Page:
The Weimar Republic has always been a special interest of mine. The journalist and historian Sebastian Haffner was an ideal eyewitness to this turbulent period since he came of age just as he Great War was ending and lived in Weimar's epicenter - Berlin - with his family and as an apprentice lawyer. His memoir of the period, Geschichte eines Deutschen, was written in exile in 1938, but was not discovered until after his death in 1999 by his son. It was published in 2001.
Haffner was well-suited to write about the rise and collapse of the Republic. He was a talented writer, well-versed in European history and literature. He was Liberal - in the classical sense, a conservative democrat who was highly critical of the political parties - both left and right - in Germany. The young Haffner became enamored of the charismatic German foreign minister Walther Rathenau, who, to Haffner, represented the best of Germany and the greatest hope for German democracy.
"Rathenau und Hitler sind die beiden Erscheinungen, die die Phantasie der deutschen Masse aufs äußerste gereizt haben: der eine durch seine unfaßliche Kultur, der andere durch seine unfaßliche Gemeinheit".
Rathenau's assassination by right-wing extremists was a severe blow to Haffner and his hopes for the Republic. From that point on Haffner saw very little in terms of political response that would stand in the way of the Nazis.
I found Haffner's discussion of the brief period of stability - from 1926 to the death of Gustav Stresemann in 1929 - particularly insightful. For a brief period the German people were not buffeted by war, revolution, ruinous inflation. Foreign investment was flowing into the country, Germany was at peace with other European nations thanks to the diplomacy of Stresemann. Berlin was the global center of cultural innovation. And yet for many Germans - especially the younger generation - stability was anathema:
"So empfanden sie das Aufhören der öffentlichen Spannung und die Wiederkehr der privaten Freiheit nicht als Geschenk, sondern als Beraubung. Sie begannen sich zu langweilen, sie kamen auf dumme Gedanken, sie wurden mürrisch - und sie warteten schliesslich geradezu gierig auf die erste Störung, den ersten Rückschlag oder Zwischenfall, um die ganze Friedenszeit zu liquideren und neue kollektive Abenteuer zu starten."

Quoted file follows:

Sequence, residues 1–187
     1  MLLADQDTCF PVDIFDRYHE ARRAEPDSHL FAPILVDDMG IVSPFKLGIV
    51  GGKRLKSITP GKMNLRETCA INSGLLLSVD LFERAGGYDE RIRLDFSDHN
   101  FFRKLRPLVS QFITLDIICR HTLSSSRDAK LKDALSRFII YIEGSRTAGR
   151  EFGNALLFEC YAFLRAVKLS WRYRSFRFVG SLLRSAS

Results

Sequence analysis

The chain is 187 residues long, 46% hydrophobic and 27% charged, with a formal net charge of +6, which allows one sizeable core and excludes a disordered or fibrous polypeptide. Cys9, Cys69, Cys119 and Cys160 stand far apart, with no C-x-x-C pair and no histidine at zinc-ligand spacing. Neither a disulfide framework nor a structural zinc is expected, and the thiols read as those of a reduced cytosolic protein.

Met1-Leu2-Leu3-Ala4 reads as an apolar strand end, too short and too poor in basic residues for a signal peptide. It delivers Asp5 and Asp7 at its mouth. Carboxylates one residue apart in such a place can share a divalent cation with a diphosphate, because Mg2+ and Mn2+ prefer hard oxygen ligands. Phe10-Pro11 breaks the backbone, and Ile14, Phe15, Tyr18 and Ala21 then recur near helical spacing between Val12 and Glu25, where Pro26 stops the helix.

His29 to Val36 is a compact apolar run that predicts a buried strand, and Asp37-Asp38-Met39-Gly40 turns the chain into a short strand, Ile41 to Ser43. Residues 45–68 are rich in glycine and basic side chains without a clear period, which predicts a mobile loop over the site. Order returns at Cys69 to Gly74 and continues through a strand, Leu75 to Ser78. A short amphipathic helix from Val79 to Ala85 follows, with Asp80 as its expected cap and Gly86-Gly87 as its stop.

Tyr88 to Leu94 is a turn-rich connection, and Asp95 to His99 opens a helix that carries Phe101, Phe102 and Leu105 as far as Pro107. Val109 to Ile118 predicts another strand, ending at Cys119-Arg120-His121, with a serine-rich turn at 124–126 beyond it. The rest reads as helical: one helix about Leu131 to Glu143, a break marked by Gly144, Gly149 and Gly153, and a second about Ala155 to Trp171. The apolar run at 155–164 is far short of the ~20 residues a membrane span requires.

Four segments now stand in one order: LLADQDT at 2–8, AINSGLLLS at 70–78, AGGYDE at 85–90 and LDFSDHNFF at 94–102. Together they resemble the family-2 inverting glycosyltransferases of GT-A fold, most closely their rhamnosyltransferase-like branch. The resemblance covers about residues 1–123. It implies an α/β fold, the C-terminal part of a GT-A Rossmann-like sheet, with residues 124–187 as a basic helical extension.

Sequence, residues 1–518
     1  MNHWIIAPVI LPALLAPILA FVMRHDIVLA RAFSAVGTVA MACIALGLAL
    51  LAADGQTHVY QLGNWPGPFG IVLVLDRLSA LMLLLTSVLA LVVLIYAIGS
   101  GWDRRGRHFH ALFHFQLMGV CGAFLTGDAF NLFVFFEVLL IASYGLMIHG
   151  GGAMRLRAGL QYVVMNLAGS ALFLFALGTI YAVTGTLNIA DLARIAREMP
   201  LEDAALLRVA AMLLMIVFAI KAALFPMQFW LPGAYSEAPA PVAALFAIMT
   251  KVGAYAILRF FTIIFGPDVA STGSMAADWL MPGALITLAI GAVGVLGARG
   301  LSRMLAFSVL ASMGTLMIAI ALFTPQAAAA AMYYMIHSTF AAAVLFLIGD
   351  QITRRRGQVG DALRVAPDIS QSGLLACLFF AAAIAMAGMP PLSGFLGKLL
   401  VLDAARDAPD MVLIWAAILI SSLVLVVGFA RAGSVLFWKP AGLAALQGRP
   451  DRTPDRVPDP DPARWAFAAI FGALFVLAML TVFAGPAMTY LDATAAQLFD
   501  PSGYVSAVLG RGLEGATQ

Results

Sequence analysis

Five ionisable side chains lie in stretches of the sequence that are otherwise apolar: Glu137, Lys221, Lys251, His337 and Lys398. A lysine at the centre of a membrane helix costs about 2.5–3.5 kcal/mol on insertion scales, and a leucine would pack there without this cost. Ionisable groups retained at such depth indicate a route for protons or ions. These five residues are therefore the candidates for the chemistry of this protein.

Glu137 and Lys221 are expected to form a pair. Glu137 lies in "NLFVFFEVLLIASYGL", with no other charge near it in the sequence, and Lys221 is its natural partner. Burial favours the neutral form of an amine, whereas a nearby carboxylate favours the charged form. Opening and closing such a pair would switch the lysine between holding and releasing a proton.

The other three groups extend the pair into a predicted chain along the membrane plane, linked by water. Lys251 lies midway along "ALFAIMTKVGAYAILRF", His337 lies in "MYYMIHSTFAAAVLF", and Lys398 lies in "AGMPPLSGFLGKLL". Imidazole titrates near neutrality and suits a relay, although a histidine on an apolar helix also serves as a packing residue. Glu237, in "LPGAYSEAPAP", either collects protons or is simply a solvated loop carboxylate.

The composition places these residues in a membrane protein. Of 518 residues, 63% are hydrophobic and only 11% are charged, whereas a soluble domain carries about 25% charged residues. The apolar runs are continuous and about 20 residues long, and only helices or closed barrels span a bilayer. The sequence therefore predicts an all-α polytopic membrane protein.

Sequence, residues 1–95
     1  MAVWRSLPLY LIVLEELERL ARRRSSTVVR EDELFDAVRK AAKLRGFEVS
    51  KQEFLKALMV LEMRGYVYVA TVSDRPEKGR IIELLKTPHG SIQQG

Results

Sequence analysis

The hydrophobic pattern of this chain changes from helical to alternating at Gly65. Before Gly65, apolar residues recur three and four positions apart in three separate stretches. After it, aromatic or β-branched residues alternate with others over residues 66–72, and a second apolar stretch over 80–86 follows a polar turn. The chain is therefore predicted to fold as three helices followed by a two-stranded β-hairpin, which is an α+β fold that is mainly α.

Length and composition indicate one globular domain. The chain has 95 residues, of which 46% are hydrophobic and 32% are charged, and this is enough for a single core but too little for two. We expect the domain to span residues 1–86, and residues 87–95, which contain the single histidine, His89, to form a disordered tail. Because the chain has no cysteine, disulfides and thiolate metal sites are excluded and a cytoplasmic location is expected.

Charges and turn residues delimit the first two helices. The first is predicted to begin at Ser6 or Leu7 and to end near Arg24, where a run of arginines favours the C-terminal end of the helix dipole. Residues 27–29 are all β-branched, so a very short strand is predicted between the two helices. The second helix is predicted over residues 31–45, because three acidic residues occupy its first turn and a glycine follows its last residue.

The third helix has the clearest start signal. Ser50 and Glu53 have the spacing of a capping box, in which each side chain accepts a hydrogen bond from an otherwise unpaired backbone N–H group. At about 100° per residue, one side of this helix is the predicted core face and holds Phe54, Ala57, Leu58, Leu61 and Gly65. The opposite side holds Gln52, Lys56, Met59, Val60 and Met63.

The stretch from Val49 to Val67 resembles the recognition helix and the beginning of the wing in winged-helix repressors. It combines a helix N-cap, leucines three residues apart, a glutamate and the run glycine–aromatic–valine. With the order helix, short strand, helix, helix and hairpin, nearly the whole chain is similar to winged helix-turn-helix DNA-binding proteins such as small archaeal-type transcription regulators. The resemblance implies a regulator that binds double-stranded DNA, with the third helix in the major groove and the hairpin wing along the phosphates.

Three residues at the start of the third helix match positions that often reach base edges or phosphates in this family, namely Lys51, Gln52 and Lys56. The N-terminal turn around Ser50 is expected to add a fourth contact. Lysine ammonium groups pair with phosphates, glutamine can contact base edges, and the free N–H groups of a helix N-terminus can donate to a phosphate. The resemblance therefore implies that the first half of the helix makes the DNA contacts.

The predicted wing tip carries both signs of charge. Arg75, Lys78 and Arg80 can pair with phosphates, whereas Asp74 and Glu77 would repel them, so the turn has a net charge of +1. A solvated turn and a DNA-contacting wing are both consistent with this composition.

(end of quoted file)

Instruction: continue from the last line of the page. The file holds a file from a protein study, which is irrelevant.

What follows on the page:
Much of Haffner's memoir - especially the riveting sections after 1933 - deal with the question of German acquiescence to the Nazis.
"Noch am 5. März 1933 hat die Mehrheit von ihnen gegen Hitler gewählt. Was ist aus dieser Mehrheit geworden? Ist sie gestorben, vom Erdboden verschwunden? Oder, so spät noch, Nazi geworden?"
And Haffner doesn't exclude his own personal behavior from this discussion. Could he have done more to push back against the Nazis- even among his own circle of young jurists? Geschichte eines Deutschen was translated into English by Haffner's son Oliver Pretzel and published with the title Defying Hitler. But Haffner would be the first to reject the notion that he "defied" Hitler. In one gripping passage he describes how a group of SA thugs intrude on the courthouse where Haffner was clerking as an apprentice lawyer. His Jewish colleagues were all violently pushed out into the street and one of the thugs confronted Haffner with the question: "Sind Sie arisch?" - he meekly answered "Ja!".
Another interesting observation of Haffner's is the impossibility of "innere Emgration" - retreat into the private sphere - in a totalitarian system:
Wohin immer man sich zurückzog - überall fand man gerade das wieder vor, wovor man hatte fliehen wollen. Ich lernte, dass die Nazi-Revolution die alte Trennung zwischen Politik und Privatleben aufgehoben hatte, und dass es unmöglich war, sie enfach als "politisches Ereignis" zu behandeln.[...]sie wirkte wie ein GIftgas, das durch all Wände dringt."
So the only option for Haffner was self-imposed exile to Great Britain.
Geschichte eines Deutschen was written in 1938, but Haffner could see clearly that Germany was on a path to war. Also, he was very clear that anti-Semitism was a driving force of the Nazis and Jews were facing mass detention in concentration camps - although he could not have imagined something as monstrous as the Holocaust. Finally - and here Haffner was especially prescient - he knew that Germany could only be liberated from Nazism by outside force.
With the rise of the AfD in Germany, and authoritarian movements in the USA and throughout Europe, Haffner's book as relevant today as it was when it was written.